Public health leadership is the practice of mobilizing people, organizations, and communities to effectively tackle tough public health challenges.1 Our population health goals include protecting and promoting equity and health, transforming people and place, ensuring a healthy planet, and achieving health equity.
The nonconscious influence of cognitive biases Our comforting conviction that the world makes sense rests on a secure foundation: our almost unlimited ability to ignore our ignorance.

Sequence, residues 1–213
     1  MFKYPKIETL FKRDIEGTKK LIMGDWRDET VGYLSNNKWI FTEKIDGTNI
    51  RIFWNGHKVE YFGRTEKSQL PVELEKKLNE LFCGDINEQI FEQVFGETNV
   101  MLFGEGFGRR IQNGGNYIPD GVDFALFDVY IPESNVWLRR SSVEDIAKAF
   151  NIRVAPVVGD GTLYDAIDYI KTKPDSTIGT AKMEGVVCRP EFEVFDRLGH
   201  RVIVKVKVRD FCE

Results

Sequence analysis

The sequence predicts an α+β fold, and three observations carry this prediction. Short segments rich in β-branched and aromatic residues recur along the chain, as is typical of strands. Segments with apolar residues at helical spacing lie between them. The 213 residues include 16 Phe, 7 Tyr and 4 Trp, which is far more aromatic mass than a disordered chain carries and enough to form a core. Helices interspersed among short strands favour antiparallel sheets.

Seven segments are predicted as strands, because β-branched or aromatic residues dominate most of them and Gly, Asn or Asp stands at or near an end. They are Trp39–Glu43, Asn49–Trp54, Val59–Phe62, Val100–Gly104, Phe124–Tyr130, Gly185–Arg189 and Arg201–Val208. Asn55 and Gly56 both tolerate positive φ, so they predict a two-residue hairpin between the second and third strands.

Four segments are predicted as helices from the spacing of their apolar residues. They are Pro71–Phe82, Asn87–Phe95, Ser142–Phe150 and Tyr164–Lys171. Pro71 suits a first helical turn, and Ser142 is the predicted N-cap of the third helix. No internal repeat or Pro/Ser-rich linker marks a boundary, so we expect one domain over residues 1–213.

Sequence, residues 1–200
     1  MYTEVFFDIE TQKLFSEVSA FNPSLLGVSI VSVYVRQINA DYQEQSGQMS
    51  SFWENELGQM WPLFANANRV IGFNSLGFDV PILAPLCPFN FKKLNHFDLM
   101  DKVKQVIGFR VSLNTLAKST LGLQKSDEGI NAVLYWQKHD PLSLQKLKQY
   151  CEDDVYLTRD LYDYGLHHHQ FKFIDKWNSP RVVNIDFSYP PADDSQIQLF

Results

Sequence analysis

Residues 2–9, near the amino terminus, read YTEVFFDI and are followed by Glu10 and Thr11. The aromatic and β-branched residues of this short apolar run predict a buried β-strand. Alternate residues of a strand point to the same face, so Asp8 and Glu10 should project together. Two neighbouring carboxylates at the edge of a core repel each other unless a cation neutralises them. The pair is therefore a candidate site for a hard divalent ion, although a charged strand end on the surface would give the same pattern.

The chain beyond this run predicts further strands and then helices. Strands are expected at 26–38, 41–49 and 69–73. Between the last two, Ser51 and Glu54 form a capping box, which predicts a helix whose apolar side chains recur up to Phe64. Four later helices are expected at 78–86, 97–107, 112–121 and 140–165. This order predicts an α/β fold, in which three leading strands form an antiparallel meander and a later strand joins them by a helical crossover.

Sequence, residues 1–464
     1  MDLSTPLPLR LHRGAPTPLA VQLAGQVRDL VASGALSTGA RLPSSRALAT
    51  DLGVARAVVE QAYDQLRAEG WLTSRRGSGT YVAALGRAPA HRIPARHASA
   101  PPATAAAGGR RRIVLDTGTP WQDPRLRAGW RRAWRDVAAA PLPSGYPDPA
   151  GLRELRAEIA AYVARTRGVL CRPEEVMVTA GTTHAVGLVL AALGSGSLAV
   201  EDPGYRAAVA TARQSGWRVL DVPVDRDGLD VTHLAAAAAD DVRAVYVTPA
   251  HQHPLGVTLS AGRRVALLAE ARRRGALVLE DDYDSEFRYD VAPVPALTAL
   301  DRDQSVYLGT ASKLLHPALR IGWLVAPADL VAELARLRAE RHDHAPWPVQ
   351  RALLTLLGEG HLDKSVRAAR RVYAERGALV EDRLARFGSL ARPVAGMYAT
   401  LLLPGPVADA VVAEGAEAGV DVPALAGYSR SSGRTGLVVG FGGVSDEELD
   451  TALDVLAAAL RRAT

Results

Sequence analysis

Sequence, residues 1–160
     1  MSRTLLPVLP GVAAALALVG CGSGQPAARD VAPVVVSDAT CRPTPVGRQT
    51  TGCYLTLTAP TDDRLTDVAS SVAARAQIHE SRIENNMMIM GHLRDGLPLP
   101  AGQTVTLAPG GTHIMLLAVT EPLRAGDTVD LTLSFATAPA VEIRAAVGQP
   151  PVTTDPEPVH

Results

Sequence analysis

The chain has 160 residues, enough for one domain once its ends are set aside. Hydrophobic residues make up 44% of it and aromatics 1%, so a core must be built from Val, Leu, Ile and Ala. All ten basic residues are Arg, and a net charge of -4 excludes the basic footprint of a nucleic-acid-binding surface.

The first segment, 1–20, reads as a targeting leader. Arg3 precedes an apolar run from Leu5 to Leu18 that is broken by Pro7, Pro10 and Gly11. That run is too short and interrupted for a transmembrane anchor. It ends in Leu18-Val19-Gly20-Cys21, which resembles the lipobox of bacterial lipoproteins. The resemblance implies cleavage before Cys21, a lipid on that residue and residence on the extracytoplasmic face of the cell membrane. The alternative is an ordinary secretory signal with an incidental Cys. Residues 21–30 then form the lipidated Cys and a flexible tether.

… Daniel Kahneman1
Leading transformation The Leading Population Health Framework (LPHF) is based on pursuing and acheiving essential population health goals:
protecting and promoting equity and health, transforming people and place, ensuring a healthy planet, and achieving health equity.
Building trust In organizations with high trust levels staff engage in honest, vigorous deliberations about important and sensitive topics, including strategy, budget cuts, ethics, equity, racism, discrimination, power, privilege, prejudice, interpersonal conflict, etc.
In 1998, Melanie Tervalon and Jann Murray-García published a groundbreaking article1 that challenged the concept of “cultural competency” with the concept of “cultural humility.” Cultural humility is committing to lifelong learning, critical self-reflection, and personal and institutional transformation.